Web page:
National Alliance for Grieving Children. (2013). About childhood grief. Retrieved from https://childrengrieve.org/resources/about-childhood-grief

Robinson, J., Cox, G., Malone, A., Williamson, M., Baldwin, G., Fletcher, K., O’Brien, M. (2013). A systematic review of school-based interventions aimed at preventing, treating, and responding to suicide-related behavior in young people. Crisis, 34, 164-182. doi: 10.1027/0227-5910/a000168

Rossetto, K.R. (2015). Bereaved parents’ strategies and reactions when supporting their surviving children. Western Journal of Communication, 79, 533-554. doi: 10.1080/10570314.2015.1079332

Skylight. (2007). Explaining suicide to children and young people. Retrieved from https://www.mentalhealth.org.nz/assets/ResourceFinder/Explaining-Suicide-to-Chidren-and-Young-People.pdf

Szumilas, M., and Kutcher, S. (2011). Post-suicide intervention programs: A systematic review.  Canadian Journal of Public Health, 102, 18-29. Retrieved from https://pdfs.semanticscholar.org/ad05/c9d06c6dc0d7bf76f1793830063fd0c8ce44.pdf

The Dougy Centre & The American Foundation for Suicide Prevention. (2017). Children, teens and suicide loss. Retrieved from https://afsp.org/american-foundation-suicide-prevention-dougy-center-join-forces-launch-new-education-resource-families-young-suicide-loss-survivors/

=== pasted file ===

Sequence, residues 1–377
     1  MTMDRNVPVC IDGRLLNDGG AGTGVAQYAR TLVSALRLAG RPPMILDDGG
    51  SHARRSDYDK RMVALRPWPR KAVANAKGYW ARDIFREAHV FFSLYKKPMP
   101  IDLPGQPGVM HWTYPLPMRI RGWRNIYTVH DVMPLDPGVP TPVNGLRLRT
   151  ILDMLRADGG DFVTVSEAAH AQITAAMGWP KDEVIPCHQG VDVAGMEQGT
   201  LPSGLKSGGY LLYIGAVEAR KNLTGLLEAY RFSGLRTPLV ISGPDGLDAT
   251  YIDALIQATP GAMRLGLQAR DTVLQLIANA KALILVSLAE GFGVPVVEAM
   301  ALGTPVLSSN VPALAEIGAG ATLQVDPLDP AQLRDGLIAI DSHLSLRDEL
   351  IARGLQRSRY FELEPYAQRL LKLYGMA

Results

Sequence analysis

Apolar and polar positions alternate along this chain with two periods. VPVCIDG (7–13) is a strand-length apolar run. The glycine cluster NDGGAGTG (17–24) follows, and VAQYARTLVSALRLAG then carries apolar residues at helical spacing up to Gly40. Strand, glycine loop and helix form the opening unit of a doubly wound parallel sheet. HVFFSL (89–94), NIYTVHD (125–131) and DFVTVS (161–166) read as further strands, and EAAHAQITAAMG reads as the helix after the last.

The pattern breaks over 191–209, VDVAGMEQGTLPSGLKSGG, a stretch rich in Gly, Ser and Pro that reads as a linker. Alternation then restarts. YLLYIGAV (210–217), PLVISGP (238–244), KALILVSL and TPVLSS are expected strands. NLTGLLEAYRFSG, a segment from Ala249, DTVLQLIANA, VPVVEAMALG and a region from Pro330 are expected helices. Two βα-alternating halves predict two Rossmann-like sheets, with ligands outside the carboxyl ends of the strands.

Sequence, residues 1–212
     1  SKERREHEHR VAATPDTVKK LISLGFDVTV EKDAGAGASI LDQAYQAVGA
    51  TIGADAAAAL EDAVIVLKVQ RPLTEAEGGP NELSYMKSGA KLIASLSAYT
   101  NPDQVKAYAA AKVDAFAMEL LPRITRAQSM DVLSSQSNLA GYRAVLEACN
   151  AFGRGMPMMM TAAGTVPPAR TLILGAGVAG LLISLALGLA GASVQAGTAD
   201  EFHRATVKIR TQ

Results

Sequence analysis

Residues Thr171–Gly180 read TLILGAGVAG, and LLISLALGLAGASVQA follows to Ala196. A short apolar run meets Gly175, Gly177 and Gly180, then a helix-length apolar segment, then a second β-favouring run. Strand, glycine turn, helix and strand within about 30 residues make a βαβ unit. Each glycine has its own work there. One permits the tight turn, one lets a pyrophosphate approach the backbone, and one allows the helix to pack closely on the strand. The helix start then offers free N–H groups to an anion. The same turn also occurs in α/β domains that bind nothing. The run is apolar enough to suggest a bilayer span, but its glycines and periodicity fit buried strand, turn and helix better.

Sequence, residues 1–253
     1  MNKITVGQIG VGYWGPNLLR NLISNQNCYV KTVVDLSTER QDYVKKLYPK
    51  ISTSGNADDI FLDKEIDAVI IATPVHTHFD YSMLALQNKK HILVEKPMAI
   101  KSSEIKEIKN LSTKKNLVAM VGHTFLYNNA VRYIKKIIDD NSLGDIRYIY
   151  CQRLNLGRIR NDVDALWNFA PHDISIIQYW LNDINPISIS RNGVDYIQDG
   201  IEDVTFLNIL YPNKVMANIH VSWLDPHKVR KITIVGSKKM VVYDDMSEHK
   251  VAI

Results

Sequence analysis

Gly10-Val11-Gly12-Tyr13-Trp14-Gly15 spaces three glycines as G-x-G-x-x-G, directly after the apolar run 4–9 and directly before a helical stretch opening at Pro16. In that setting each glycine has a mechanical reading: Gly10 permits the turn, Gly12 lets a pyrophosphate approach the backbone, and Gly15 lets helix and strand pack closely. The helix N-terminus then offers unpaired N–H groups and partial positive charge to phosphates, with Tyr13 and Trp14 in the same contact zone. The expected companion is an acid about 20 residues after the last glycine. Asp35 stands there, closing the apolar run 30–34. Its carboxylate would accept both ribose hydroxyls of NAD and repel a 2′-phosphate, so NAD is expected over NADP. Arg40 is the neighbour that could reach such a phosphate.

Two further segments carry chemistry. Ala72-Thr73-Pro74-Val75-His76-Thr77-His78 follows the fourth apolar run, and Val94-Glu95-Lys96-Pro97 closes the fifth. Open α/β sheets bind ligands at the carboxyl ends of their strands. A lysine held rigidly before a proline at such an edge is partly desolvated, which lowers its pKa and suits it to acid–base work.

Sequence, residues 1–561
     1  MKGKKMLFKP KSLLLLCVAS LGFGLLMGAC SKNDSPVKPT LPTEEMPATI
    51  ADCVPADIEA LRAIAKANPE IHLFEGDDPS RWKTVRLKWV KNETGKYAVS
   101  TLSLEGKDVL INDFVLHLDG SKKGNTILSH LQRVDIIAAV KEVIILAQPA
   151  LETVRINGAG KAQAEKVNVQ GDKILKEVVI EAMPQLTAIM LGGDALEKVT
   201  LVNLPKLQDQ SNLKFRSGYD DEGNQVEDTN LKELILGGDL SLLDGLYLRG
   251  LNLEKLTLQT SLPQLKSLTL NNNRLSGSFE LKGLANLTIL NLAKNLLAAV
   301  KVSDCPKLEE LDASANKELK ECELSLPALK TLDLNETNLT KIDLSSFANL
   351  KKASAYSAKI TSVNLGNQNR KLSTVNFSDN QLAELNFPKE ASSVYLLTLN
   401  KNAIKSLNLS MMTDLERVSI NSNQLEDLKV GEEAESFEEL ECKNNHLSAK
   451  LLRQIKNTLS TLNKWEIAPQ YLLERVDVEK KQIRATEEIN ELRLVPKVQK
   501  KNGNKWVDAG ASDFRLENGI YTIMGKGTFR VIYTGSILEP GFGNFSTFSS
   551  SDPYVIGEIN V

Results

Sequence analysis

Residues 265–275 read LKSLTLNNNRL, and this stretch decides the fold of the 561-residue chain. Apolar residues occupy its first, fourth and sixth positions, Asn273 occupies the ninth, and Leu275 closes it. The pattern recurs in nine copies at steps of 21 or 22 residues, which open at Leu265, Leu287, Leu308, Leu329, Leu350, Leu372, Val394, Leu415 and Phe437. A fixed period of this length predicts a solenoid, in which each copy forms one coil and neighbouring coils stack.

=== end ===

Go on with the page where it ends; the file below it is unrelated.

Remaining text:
The Sharing Place. (1996). Explaining suicide to children. Retrieved from: https://www.crisissupport.org/wpcontent/uploads/2015/03/EXPLAINING_SUICIDE_TO_CHILDREN.doc.pdf

Waterloo Region Suicide Prevention Council & Canadian Association of Suicide Prevention (nd) After a suicide attempt, a guide for families and friends. Retrieved from: http://www.togethertolive.ca/sites/default/files/waterloo_after_a_suicide_attempt_for_family.pdf

[1] This checklist is part of postvention guidelines being developed by organizations working to prevent suicide in Ottawa. These guidelines will be distributed in 2019. To learn more: Andrea Poncia, Coordinator of Suicide Prevention Ottawa, aponcia@ysb.ca.


Crisis Lines & Referrals

Youth Services Bureau (YSB)
For caregivers and youth under 18.

For post-secondary students.

Distress Centre
For all ages.

Kids Help Phone
For young people.

Post Suicide Support

Post Suicide Support Team (PSST)
For group sessions for non-family after a suicide.

Support for Caregivers & Adults Impacted by the Death

Bereaved Families of Ontario Ottawa Peer support groups offer safe and supportive spaces to be in grief, to share and to learn. www.bfo-ottawa.org/about-us/contact 613-567-4278

Parents’ Lifeline of Eastern Ontario (PLEO)
Bilingual, confidential, helpline for caregivers of children, youth and young adults.

The Walk-in Counselling Clinic
No referral is required. Ontario residents within the Champlain LHIN will be assisted, with no appointment, on a first-come, first-serve basis during the clinic hours.